November 22, 2002

Mentoring grant enhances women’s health research

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Mentoring grant enhances women’s health research

Vanderbilt University Medical Center’s junior faculty and senior fellows have a new asset — a nearly $2 million training grant that will foster and protect their research interests.

Building Interdisciplinary Research Careers in Women’s Health (BIRCWH) is a faculty development mentoring grant developed by the Office of Research for the National Institutes of Health (NIH). Vanderbilt is one of 12 sites awarded the funds.

“The NIH saw the need for increasing research with women’s health issues so individuals would be broadly trained,” said Dr. Rose Marie Robertson, professor and vice chair of the department of Medicine and the principal investigator for the grant. “These funds will help support the interactions of a new generation of researchers throughout Vanderbilt who have related interests in research and science in the area of women’s health.”

The idea behind the grant is to foster an environment of mentoring for the new investigators. A collaborative group of researchers from Vanderbilt and Meharry Medical College will provide direction.

According to the grant, the mentoring relationship will promote research “benefiting the health of women and reducing racial, ethnic and gender disparities in health care.”

Dr. Stephen Entman, professor and chair of the department of Obstetrics and Gynecology, will serve as the director of the mentoring program. His main task is to keep the curriculum on track, which includes core training experiences, mentored research opportunities, a series of progress seminars and a Women’s Health Seminar series.

“Our primary goal is to provide an individualized structure for each scholar to gain the skills to progress to an independent research career,” Entman said.

“The key will be the flexibility to tailor the program and its durations to the needs of the individual.”

Meharry’s involvement through the Meharry-Vanderbilt Alliance is pivotal, in that it expands opportunities beyond Vanderbilt, the pair said.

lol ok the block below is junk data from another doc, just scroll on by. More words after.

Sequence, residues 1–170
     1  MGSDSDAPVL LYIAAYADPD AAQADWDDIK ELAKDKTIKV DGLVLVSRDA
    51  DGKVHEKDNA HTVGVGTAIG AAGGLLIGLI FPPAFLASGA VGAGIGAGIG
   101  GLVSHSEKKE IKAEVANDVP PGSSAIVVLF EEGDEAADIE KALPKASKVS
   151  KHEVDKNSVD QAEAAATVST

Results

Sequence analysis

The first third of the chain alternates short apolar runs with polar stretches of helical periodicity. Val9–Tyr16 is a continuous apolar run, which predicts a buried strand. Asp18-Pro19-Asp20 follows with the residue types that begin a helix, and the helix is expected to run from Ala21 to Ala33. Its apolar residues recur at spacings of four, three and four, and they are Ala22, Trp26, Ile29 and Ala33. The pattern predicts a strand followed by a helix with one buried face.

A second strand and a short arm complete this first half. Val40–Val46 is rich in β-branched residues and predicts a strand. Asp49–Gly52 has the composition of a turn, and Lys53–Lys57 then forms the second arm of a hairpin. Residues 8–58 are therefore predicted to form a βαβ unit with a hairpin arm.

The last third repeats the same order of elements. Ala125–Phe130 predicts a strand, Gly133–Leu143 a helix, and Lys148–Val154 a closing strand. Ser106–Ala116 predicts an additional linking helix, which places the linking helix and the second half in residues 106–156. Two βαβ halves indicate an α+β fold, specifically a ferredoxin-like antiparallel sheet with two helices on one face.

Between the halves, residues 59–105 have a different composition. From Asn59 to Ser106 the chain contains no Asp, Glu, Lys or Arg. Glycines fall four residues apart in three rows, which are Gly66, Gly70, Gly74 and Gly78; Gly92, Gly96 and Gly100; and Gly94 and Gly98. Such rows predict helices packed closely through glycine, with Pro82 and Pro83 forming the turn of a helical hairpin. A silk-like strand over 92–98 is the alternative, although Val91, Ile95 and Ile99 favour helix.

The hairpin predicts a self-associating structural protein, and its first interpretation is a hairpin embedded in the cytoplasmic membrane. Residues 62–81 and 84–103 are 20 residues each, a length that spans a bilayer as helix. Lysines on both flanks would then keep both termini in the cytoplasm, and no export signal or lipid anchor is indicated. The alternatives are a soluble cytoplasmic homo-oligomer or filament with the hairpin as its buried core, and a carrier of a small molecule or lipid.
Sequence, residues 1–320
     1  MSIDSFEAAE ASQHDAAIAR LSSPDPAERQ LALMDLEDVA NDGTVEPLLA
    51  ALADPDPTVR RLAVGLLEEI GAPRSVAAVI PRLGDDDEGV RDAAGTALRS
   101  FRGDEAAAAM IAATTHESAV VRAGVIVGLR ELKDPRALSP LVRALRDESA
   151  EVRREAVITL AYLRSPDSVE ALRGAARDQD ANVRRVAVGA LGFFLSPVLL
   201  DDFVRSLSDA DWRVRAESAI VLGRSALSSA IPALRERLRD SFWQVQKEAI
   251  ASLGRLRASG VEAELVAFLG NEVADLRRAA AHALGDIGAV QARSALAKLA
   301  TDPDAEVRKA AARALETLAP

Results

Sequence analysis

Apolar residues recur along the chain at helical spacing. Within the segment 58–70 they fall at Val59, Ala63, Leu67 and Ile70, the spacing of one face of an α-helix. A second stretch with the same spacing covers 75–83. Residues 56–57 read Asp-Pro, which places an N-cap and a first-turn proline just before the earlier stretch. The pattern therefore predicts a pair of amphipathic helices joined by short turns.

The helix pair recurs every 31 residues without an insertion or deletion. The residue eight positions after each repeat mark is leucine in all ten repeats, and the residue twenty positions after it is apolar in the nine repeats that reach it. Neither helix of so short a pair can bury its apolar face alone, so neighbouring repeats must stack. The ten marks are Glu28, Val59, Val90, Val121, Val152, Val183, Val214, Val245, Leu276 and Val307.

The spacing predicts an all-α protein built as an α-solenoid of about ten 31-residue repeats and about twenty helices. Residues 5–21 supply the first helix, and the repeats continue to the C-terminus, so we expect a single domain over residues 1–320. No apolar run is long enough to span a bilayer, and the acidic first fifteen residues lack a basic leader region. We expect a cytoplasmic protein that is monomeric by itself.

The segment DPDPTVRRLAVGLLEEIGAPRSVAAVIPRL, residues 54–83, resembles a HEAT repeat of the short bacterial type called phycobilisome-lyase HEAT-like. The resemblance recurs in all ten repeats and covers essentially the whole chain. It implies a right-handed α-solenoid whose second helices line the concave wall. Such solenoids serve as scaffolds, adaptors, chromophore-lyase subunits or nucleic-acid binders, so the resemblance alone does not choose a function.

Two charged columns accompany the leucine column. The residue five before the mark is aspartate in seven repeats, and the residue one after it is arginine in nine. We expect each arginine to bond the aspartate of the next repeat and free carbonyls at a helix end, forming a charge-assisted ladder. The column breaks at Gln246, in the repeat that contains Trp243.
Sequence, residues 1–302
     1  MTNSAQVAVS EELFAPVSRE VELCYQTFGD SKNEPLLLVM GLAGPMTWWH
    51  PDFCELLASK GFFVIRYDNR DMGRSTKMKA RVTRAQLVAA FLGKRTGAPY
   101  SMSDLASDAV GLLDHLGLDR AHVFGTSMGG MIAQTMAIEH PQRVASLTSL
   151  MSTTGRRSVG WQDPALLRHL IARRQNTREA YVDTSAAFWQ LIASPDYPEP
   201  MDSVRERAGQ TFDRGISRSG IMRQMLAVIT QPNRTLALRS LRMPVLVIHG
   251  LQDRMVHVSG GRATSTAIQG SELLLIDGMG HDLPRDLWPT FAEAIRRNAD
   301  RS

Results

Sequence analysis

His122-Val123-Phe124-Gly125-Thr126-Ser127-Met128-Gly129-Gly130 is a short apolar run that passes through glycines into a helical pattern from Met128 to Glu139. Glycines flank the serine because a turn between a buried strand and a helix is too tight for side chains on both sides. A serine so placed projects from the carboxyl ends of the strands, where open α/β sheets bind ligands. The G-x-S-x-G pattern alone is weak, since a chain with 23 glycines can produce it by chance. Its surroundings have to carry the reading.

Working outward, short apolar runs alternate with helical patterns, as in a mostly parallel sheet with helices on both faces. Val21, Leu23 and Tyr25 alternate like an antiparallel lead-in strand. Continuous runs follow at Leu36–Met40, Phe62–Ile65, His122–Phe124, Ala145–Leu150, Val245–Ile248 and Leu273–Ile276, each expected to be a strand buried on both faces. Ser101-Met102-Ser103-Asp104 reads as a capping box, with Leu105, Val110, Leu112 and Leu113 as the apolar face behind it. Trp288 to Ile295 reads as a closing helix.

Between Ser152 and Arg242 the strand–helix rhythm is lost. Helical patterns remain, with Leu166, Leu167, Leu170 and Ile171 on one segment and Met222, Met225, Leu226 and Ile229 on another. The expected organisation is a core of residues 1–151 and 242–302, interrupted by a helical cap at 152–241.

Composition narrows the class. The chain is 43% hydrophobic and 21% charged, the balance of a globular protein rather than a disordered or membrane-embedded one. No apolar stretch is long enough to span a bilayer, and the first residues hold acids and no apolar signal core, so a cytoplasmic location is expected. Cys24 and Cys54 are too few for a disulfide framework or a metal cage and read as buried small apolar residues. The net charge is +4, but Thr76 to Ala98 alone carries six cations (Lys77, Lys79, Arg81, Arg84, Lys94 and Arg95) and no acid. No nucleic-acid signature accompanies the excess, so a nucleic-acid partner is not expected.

“Meharry’s research and patient base provides an incredible opportunity for population and clinical research in underserved population,” Entman said. “Additionally, Meharry’s involvement provides an environment that will attract minority scholar applicants to the program.”

Vanderbilt has acknowledged the importance of developing and mentoring young investigators for years as seen through the creation of other institutional programs. The Vanderbilt Physician-Scientist Development program, lead by Dr. Jeffrey Balser, was designed to provide an enriching scientific environment and salary support to allow newly appointed assistant professor physicians with a research-focus to receive further mentored investigative training. Vanderbilt has extensive mentoring resources for physician scientists interested in broad areas of basic science and patient-oriented research. The Master of Science in Clinical Investigation Program, directed by Drs. Nancy Brown and Tom Hazinski, was created in response to the need for investigators trained in the techniques and processes utilized in patient-oriented research. The program is intended to provide direct, mentored experience in clinical investigation and, through didactic work, to provide trainees with a strong foundation in study design, biostatistics, biomedical ethics, clinical pharmacology, human genetics and assay methods.

“It really puts the institution in a wonderful position to attract the best and brightest investigators, while stimulating successful research opportunities here,” Robertson said.

“With the availability of this extramural support for career development, the exciting research and clinical environment at Vanderbilt will make the medical center even more attractive to prospective junior faculty,” Entman said.